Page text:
PSYC39H3 Chapter Notes - Chapter 1: Forensic Psychology, James Mckeen Cattell, Psychoanalytic Theory

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Published on 3 Mar 2011
School
UTSC
Department
Psychology
Course
PSYC39H3
Chapter 1 – An Introduction to Forensic Psychology
Forensic psychology is the field of psychology that deals with all aspects of human
behaviour as it relates to the law or legal system
The major professional associate American Board of Forensic Psychology (ABFP)
and the American Psychology-Law Society (AP-LS) define forensic psychology as
professional practice by psychologists within the areas of ‘clinical psychology,
counselling psychology, neuropsychology, and school psychology when they are
engaged regularly as experts and represent themselves as such, in an activity
primarily intended to provide professional psychological expertise to the judicial
system. Others who dont fit this criterion in narrow definition would not be
considered a forensic psychologist; this narrow definition focuses upon the
application of psychology
A more broad and accepted definition was proposed by Bartol and Bartol (2006)
a)Research endeavour that examines aspects of human behaviour directly
related to the legal process...
b)Professional practice of psychology within or in consultation with a legal
system that embraces both civil and criminal law
Individuals who consider themselves forensic psychologists are always interested in
issues that arise at the intersection betweenpsychology and law”
Forensic psychologists can be a combination of ‘clinicians,
researchers(experimenters), and legal scholors
Clinical forensic psychologists are broadly concerned with mental health issues as
they pertain to the legal system and law
1.can include both research and practice in a wide variety of settings, such as
schools, prisons, hospitals and so forth
2.some issues clinical forensic psychologists are interested in may include:
divorce and child custody mediation
determinations of criminal responsibility
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providing expert testimony
personnel selection
conduction critical incident stress debriefings
designing and conducting treatment programs
3.all clinicians must be licensed, psychiatrists are the only ones who can
prescribe medicine, thus study medicine
Experimental forensic psychologist are concerned with mental health issues as they
pertain to legal system, and they can be found in a variety of criminal justice settings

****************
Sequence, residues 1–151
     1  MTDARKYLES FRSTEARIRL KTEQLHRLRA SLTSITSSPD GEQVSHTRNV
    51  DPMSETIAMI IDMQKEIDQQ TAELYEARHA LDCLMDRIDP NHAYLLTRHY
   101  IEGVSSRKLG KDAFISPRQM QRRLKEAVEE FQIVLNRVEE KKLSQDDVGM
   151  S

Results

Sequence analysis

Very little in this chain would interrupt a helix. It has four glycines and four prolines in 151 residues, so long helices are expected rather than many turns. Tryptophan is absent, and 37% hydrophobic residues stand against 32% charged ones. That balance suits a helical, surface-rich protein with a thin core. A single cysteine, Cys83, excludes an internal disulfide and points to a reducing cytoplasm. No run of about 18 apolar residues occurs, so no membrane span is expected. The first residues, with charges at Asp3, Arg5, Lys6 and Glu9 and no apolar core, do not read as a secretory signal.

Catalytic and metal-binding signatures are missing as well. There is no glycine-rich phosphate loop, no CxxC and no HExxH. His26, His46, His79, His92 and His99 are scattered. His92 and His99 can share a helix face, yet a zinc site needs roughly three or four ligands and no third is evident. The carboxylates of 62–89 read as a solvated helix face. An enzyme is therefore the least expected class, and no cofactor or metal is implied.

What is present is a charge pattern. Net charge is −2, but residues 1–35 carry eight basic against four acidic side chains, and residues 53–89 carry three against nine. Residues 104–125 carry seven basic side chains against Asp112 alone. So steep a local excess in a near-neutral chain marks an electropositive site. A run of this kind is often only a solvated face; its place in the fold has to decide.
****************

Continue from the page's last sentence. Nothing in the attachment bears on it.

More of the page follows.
some issues experimental forensic psychologist are interested in may include the
following:
examining effectiveness of risk assessment
determining factors influencing jury descisions
developing and testing better ways to conduct eyewitness
evaluating offender and victim treatment practices
studying impact of questioning style on memory
examining effect of stress management intervention on police
offenders
training for experimental forensic psychologists are more varied than one for clinical
forensic psychologist
Forensic psychologist as a legal scholar is a role less common than forensic
psychologist as researchers or clinicians
forensic psychologist in their role as scholarswould most likely engage in scholarly
analyses of mental health law and psychologically oriented legal movements
the scholars applied workwould most likely center around policy analysis and
legislative consultation
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Document Summary

 developing and testing better ways to conduct eyewitness.  studying impact of questioning style on memory. He calls these relationships psychology and the law, psychology in the law, and psychology of the law: psychology and the law is the use of psychology to examine the operation of the legal system.  forensic psychologist attempt to answer these questions and communicate their findings to the legal community: psychology in the law is the use of psychology in the legal system as that system operation.  knowledge can be used from above by psychologists, lawyers, judges, and others; psychologist in court providing expert testimony concerning some issues of relevance to a case.  it can also be of a police officer using his knowledge of psychology in an investigation: psychology of the law is the use of psychology to examine law itself.  to address these questions, a set of skills from multiple disciplines is often important and sometimes crucial.